List of 10 Remarkable Books Published Posthumously
Suite Francaise by Irene Nemirovsky
Died: 1942 ; Published: 2004
In July 1942, having just completed the first two of a planned series of five novels, Nemirovsky was arrested as a Jew and deported to Auschwitz where she died later that year. Her two daughters managed to escape along with the manuscript of Suite Francaise. Ironically, her elder daughter Denise kept the manuscript for five decades without reading it, thinking it was a diary or something that would be too agonizing to read. In 1998, after arranging to donate the manuscript to a war archive, she chose to examine its contents. Denise decided to send it to a publisher in France where it achieved a huge success and won the Prix Renaudot literary award.
You Can't Go Home Again by Thomas Wolfe
Died: 1938 ; Published: 1940
This novel had to be painfully extracted from the contents of Wolfe’s over 5,000 pages long unpublished manuscript The October Fair. In 1938, after turning in the manuscript, Wolfe left New York for a tour of the western United States. Shortly thereafter, he became ill and died. The novel tells the story of George Webber, a rising author who writes a book that paints an unflattering picture of his hometown and its residents. Webber’s book becomes a success but upon returning to his hometown, he faces hatred from the townspeople.
The Girl With the Dragon Tattoo by Stieg Larsson
Died: 2004 ; Published: 2005-2007
Starting off with The Girl With the Dragon Tattoo, Larsson’s trilogy the Millennium Series became a worldwide success, selling millions of copies and spawning a series of movies. Larsson, however, didn’t live to see its success. He died aged 50 from a heart attack. It is said that he smoked two packs of cigarettes and drank 20 cups of coffee a day, lived on fast food and hated green vegetables. Highly respected as a journalist in his native Sweden for his contribution in exposing right-wing radicals, Larsson wrote these crime novels for distraction and made no efforts to publish them. The girl referred to in the title is the intriguing Lisbeth Salander, a troubled young computer hacker with a photographic memory and nonexistent social skills. Larsson’s partner Eva Gabrielsson claims to possess some 200 pages of a fourth novel. Will we get to read it?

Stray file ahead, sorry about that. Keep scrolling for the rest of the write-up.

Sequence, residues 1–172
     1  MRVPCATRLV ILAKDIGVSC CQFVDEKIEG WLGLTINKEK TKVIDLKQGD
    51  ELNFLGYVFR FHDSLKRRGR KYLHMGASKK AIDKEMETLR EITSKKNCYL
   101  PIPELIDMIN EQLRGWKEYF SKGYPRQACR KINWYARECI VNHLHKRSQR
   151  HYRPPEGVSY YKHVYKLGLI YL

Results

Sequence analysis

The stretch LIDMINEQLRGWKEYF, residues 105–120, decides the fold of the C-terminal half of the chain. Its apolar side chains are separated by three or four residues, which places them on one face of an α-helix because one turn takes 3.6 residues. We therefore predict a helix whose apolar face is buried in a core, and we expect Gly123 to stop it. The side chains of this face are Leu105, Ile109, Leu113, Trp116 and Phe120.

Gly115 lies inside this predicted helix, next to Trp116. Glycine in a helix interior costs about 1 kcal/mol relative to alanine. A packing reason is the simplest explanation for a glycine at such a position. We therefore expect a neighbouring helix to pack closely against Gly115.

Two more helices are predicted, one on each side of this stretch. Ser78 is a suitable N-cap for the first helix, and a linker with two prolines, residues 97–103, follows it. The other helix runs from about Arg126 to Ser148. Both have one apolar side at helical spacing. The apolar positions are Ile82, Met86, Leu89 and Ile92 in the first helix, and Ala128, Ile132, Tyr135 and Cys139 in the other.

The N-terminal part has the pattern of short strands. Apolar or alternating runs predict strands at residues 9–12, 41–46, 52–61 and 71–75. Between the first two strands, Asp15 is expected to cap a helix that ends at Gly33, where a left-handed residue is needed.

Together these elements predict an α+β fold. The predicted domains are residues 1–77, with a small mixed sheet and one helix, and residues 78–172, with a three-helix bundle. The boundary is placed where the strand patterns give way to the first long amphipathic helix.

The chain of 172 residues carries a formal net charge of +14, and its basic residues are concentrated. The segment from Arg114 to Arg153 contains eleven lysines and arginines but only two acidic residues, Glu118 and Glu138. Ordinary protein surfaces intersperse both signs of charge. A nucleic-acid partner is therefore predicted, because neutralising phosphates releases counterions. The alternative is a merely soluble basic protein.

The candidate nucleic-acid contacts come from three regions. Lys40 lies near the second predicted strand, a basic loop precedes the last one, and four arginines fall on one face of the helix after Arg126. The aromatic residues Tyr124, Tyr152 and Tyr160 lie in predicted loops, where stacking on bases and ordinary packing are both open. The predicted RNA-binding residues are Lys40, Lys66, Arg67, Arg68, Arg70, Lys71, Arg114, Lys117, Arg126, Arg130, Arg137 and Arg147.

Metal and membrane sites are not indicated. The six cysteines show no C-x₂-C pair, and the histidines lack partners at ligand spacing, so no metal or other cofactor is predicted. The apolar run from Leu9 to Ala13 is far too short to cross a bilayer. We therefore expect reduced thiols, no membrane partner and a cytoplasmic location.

A Death in The Family by James Agee
Died: 1955 ; Published: 1957
James Agee began writing this autobiographical novel in 1948 but he died before he managed to complete it. It was edited by David McDowell and released in 1957 with an aim to help Agee’s family. Putting together the whole novel was a difficult task as Agee died before completing the final revisions. His manuscript also contained material that was outside of the main plot. The novel is based on the events surrounding the death of Agee’s father who was killed in a car accident. It tells a moving story of the man’s sudden death and its impact on his widow, children and alcoholic brother. In 1958, Agee was awarded a posthumous Pulitzer Prize for Fiction for his novel.
Between The Acts by Virginia Woolf
Died: 1941 ; Published: 1941
This book is the last Virginia Woolf’s work and the only manuscript that was published without the author giving her approval. Finished just two weeks before her suicide, it is arguably the most lyrical of all her works. It presents an annual play in a small village against the backdrop of the looming Second World War. After completing the manuscript of the novel, Woolf fell into manic depression that led to her premature death. On March 28, 1941, she quietly wrote a note to her husband, walked into the nearby River Ouse and drowned herself.
A Moveable Feast by Ernest Hemingway
Died: 1961 ; Published: 1964